Because it is out of their control, manufacturers' warranties do not cover environmental and/or jobsite issues regarding relative humidity levels within the home where the flooring is stored or installed. The responsibility lies with the home owner / installer to ensure that the particular flooring manufacturers installation and maintenance instructions were followed. To reduce possible issues most all flooring needs to be acclimated to its new environment, installed and maintained properly. Proper expansion gaps left at all fixed objects such as walls during the installation greatly reduces the chances of the flooring buckling. Wood flooring is a product of nature and not perfect. No two boards will look like or react the same to the same environmental stimuli. Some gapping and checking is considered normal and is to be expected during seasonal change. These gaps between the boards will normally close during the higher relative humidity seasons like spring and summer. Any open seams are also noticed more if a white or very dark colored wood floor is chosen, medium colored hardwood floors hide seams better.

Using a higher quality engineered wood construction will help to minimize gaps, cracks and splits within the wood and they can withstand a slightly wider range of Relative Humidity level changes before showing problems. It is sometimes difficult to be able to always maintain 30 – 50% relative humidity levels, but if you make a valid effort then you can virtually eliminate or at least minimize potential problems later.   The information contained within this article is only meant to be general information, and not a substitute for any particular flooring manufacturers specifications you have purchased. 

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Overall Rating: 4.9 stars - 8 reviews

By:
Date: April 8, 2017
Page Rating: (5.0/5)
Comments:
Thank you for the important information you provide on this website.
By:
Date: October 17, 2016
Page Rating: (4.5/5)
Comments:
This article has helped me immensely in trying to sort the wheat from the chaffe [so to speak] in understanding what makes up engineered flooring and the pitfalls to be aware of. I also agree that "you get what you pay for" Thank you.
By:
Date: July 23, 2016
Page Rating: (5.0/5)
Comments:
We installed narrow hardwood flooring in the 2nd floor and now have extensive cupping/unevenness.
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Date: May 27, 2016
Page Rating: (5.0/5)
Comments:
Your articles are fantastic! I have learned so much from your website. Thank you for going to the effort to create these informative pages.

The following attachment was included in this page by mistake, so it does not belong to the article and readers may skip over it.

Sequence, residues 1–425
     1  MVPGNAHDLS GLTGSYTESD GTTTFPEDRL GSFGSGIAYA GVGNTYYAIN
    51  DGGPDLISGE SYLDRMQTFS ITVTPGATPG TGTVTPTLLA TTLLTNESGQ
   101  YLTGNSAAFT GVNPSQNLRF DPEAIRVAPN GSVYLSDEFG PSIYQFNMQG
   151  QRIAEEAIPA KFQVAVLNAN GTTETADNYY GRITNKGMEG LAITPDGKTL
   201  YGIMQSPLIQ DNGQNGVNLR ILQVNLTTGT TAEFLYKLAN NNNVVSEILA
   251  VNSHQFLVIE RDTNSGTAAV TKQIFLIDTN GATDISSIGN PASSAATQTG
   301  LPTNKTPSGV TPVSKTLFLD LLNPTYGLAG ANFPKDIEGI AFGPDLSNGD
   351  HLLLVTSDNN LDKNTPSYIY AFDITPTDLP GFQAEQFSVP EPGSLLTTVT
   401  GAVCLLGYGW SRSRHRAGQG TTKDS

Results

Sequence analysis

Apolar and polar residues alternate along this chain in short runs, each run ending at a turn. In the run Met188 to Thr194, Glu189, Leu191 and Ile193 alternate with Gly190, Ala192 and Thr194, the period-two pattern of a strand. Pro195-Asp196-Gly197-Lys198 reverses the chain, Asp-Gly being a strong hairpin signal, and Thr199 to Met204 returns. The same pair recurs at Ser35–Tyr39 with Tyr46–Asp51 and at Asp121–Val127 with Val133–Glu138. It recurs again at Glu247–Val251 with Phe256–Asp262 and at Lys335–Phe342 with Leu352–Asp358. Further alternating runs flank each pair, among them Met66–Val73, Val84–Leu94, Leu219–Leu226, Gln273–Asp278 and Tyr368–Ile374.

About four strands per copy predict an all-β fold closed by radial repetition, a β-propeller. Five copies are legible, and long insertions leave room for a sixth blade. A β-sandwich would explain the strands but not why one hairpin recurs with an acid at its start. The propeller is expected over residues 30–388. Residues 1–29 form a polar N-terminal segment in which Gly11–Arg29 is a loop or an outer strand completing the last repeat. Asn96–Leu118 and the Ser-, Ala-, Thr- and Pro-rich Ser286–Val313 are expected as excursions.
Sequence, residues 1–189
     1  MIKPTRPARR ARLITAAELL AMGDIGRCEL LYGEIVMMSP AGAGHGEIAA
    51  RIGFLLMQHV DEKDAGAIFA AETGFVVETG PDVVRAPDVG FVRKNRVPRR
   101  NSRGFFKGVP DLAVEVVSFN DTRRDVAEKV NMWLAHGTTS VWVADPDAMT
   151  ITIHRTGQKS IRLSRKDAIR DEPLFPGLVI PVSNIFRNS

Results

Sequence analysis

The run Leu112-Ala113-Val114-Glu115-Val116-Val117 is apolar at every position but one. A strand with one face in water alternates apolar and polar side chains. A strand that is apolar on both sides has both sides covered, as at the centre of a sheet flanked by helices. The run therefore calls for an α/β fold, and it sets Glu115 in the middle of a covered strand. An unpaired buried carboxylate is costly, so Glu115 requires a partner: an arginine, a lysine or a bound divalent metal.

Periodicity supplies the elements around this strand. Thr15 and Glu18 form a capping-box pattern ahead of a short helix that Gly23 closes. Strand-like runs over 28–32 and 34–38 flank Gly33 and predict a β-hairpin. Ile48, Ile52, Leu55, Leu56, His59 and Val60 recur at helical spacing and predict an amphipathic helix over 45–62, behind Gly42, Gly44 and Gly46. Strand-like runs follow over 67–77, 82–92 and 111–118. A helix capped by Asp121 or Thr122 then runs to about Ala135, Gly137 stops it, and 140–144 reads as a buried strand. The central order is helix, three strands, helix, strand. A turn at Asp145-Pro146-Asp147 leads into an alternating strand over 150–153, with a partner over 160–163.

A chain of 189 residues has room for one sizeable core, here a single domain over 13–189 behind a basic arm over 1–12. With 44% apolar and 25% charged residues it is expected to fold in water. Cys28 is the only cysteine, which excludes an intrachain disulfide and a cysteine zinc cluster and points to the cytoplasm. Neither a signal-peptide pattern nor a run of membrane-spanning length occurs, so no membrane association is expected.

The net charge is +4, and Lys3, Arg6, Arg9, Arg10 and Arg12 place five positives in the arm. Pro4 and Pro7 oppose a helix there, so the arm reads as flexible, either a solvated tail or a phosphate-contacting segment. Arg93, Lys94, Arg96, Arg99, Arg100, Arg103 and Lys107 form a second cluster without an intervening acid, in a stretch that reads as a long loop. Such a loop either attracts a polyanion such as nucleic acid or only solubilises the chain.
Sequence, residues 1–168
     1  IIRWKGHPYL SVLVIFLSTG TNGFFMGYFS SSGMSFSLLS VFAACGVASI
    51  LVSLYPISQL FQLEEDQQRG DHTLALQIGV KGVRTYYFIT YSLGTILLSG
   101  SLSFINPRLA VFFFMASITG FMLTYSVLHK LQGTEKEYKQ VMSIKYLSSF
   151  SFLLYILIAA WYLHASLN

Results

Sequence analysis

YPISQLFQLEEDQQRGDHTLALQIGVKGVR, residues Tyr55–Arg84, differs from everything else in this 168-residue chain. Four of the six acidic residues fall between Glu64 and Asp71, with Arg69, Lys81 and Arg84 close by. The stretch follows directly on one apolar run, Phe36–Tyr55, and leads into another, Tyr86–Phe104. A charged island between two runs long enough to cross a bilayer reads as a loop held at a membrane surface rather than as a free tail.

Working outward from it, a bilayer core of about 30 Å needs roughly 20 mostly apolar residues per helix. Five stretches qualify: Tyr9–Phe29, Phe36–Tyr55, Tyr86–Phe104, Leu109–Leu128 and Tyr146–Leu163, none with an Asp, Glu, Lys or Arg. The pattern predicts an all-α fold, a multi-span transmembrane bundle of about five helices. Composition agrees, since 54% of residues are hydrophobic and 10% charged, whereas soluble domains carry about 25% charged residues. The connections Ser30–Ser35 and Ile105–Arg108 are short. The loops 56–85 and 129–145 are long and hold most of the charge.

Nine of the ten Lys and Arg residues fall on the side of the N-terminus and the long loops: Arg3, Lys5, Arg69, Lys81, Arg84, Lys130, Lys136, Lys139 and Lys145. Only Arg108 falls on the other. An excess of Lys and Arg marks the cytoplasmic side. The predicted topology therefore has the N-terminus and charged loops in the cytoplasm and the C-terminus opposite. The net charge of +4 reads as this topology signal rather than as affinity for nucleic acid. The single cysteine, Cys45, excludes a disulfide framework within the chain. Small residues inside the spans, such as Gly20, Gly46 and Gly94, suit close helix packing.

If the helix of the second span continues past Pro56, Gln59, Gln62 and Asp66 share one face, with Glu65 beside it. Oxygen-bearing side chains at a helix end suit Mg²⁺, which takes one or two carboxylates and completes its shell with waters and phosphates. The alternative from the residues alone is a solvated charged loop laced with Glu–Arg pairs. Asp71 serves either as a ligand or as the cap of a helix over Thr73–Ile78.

By:
Date: April 17, 2015
Page Rating: (5.0/5)
Comments:
In addition as Jeff Hosking’s states above it is expected to see some minor movement within the wood boards in any environment but, you probably should have a certified wood flooring inspector come in to evaluate the floor to see if it can be corrected to need to be replaced. You can go to woodfloors.org to find an independent inspection company local to you.
By:
Date: April 17, 2015
Page Rating: (5.0/5)
Comments:
Michelle, I am a wood floor manufacturer and to minimize movement in wood flooring, Wood flooring is purposely manufactured to contain a 6-9 % moisture content which equals in range of what the standard normal recommended 30 – 50 % Relative Humidity level should be in healthy homes. From what you’re describing below it sounds like the homes environment should have been brought to the recommended 30-50% Relative Humidity level “prior” to the flooring being brought in, allowed to be properly acclimated and installed. From what your describing below it sounds like the wood flooring absorbed excess high humidity levels that were in the home at that time either while the flooring was originally being acclimated to be installed or after it was installed, expanded in size and is now drying out (contracting in size) to the current homes RH level leaving you with open gaps between boards and damage to the face of the of the boards. As Jeff Hosking’s article above states it is expected to s
By:
Date: April 17, 2015
Page Rating: (5.0/5)
Comments:
When our new home was built, then installed the hardwood floor PRIOR to the HVAC unit. It was installed in July/Aug in Kansas City (high temps & high humidity) again with NO temp / humidity control at all. Now there are gaps, cracks (face checking) and uneven-ness between boards. New cracks keep showing up. Question -- should the floor be replaced? Will it ever be right?
By:
Date: April 13, 2015
Page Rating: (5.0/5)
Comments:
Very Very important information in the above article. I thank you a lot! The flooring stores that I have gone to never mentioned any of this to me.